Gulf Pulse

The world fails Yemen

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Article Summary
As Yemen languishes in the highest-level humanitarian crisis the UN recognizes, the situation is not helped by an unbalanced and ineffectual Security Council resolution.

The international community urgently needs to revisit its posture on the war in Yemen and put pressure on all parties to end the conflict and address the humanitarian catastrophe.

The news that a humanitarian pause in the fighting in Yemen may start July 10 is good news. But a pause is not enough. Yemen needs a permanent cease-fire, massive relief and a new international framework to end the war. The United Nations Security Council needs to get to work urgently and not rest on a pause. ‚Äč

The United Nations has designated Yemen a level-three systemic humanitarian crisis, the highest level of emergency in the UN's ranking system. According to the United States Agency for International Development, 21 out of 25 million Yemenis are in urgent need of humanitarian assistance, of which 20 million need immediate access to water and hygiene and 13 million need food. Relief workers in Yemen report the situation is deteriorating rapidly. They cannot get sufficient aid into the country to stop the downward spiral. Yemeni children are at particular risk.

The poorest country in the Arab world is being blockaded by the richest countries in the Arab world. The Saudi-led air and naval war has cut off Yemen's airports and seaports from significant outside relief. Normally Yemen imports 90% of its food. Little is arriving now. As a consequence, the Yemeni people are suffering, and Riyadh and its allies are stoking a generation of hatred.

The Houthi rebels and their allies loyal to former President Ali Abdullah Saleh have been completely unwilling to accept the Saudi conditions to end the war that require them to withdraw their fighters from Sanaa and other major cities and restore President Abed Rabbo Mansour Hadi to power. The Zaydi Shiite Houthis and Saleh have rebuffed repeated UN calls to accept the legitimacy of the Hadi government elected in 2012. Their intransigence is a major cause of the disaster.

Both the Saudis and Houthis have been responsible for military operations that have killed and wounded civilians. Their actions together are responsible for 1 million Yemenis losing their homes in the war. Al-Qaeda in the Arabian Peninsula (AQAP) and the Islamic State have added to the carnage with indiscriminate suicide bombings. Sectarian hatred is being inflamed. Efforts to arrange a lasting humanitarian cease-fire or to lift the blockade appear to be going nowhere, although both sides say they want a truce.

The key United Nations Security Council resolution (UNSCR 2216) is an unbalanced and ineffectual document. It puts all blame for the crisis on the Houthis, condemns their leadership and imposes an arms ban only on their fighters. It has no mechanism to achieve these objectives and no pathway to a political dialogue or solution of Yemen's underlying political problems. It encourages Saudi intransigence.

UNSCR 2216 was adopted in mid-April, with only Russia abstaining. The Russians said the resolution failed to call on all sides to halt fire and would escalate, not stop the war. In this case, the Russians were right.

By calling for an arms embargo on the Houthi-Saleh alliance and urging all states to help enforce it, the resolution provides political cover for the air and maritime blockade. It also endorses the Gulf Cooperation Council's initiative in Yemen that created the Hadi government. There is no incentive for the rebels to enter a political process.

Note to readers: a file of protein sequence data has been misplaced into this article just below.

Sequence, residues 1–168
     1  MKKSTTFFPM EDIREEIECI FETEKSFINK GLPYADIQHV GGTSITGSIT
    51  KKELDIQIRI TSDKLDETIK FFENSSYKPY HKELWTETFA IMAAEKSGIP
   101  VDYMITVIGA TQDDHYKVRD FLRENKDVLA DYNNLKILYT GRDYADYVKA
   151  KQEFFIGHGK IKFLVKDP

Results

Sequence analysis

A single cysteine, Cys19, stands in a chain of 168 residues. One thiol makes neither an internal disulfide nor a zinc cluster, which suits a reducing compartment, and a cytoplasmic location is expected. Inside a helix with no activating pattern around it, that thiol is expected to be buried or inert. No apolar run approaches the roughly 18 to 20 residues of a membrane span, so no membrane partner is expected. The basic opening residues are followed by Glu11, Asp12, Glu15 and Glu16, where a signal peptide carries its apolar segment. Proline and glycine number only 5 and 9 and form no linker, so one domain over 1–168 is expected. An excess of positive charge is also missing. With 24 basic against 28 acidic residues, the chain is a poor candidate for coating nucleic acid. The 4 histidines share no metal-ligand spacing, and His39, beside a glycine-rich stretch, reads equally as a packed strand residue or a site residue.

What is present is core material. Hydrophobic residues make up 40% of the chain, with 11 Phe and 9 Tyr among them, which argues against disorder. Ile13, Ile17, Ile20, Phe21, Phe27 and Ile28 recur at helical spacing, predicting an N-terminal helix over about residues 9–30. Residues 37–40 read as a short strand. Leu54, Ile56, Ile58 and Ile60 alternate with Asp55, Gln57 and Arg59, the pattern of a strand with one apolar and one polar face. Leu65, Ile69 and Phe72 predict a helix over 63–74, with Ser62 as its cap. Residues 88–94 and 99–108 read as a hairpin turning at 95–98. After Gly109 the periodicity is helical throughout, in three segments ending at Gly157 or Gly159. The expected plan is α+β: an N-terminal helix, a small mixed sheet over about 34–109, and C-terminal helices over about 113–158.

The Saudis are stalemated as well. They control the skies and waters of Yemen but have no means of restoring Hadi or forcing the Houthis to evacuate Sanaa. They have a no endgame strategy for an increasingly expensive war that fuels sectarian tensions inside the kingdom and its gulf neighbors. The stalemate is certain to lead to tensions within the royal family.

AQAP is a major beneficiary of the war. It now controls Mukalla, the fifth-largest city in the country, and is steadily consolidating its control. While drone strikes have killed AQAP's leader and some top lieutenants, prison breakouts have sent hundreds of captured al-Qaeda operatives free to rejoin their jihadist comrades. UNSCR 2216 condemns al-Qaeda but does nothing to thwart its growth.

Iran is another big winner. It backs the Houthis against the Saudis. It is a cheap way to bog down Riyadh and its allies. It may try to up the pressure. Jordan claimed this week that it foiled an Iranian plot to carry out a major terror attack on a Saudi target. One hundred pounds of explosives were seized near Jerash by the Jordanian security services, probably the best in the Middle East.

The Security Council should revisit the Yemen crisis. It should call for an immediate and unconditional end to all military attacks by all parties, including the Saudi-led coalition, and an immediate lifting of the blockade. It should convene a conference of all Yemeni parties to meet outside the region to discuss a resumption of Yemen's political dialogue.

A UN observer mission could be dispatched to major airports and seaports to monitor imports to ensure arms are not flowing in. It should also authorize all states to take all necessary action to free Mukalla from al-Qaeda.

The situation in Yemen is dire. The international community needs to give it priority attention.

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Found in: yemen, saudi-iranian rivalry, mukalla, humanitarian crisis in yemen, humanitarian aid, houthis, abed rabbo mansour hadi, aqap

Bruce Riedel is a columnist for Al-Monitor's Gulf Pulse. He is the director of the Intelligence Project at the Brookings Institution. His latest book is "Kings and Presidents: Saudi Arabia and the United States Since FDR."

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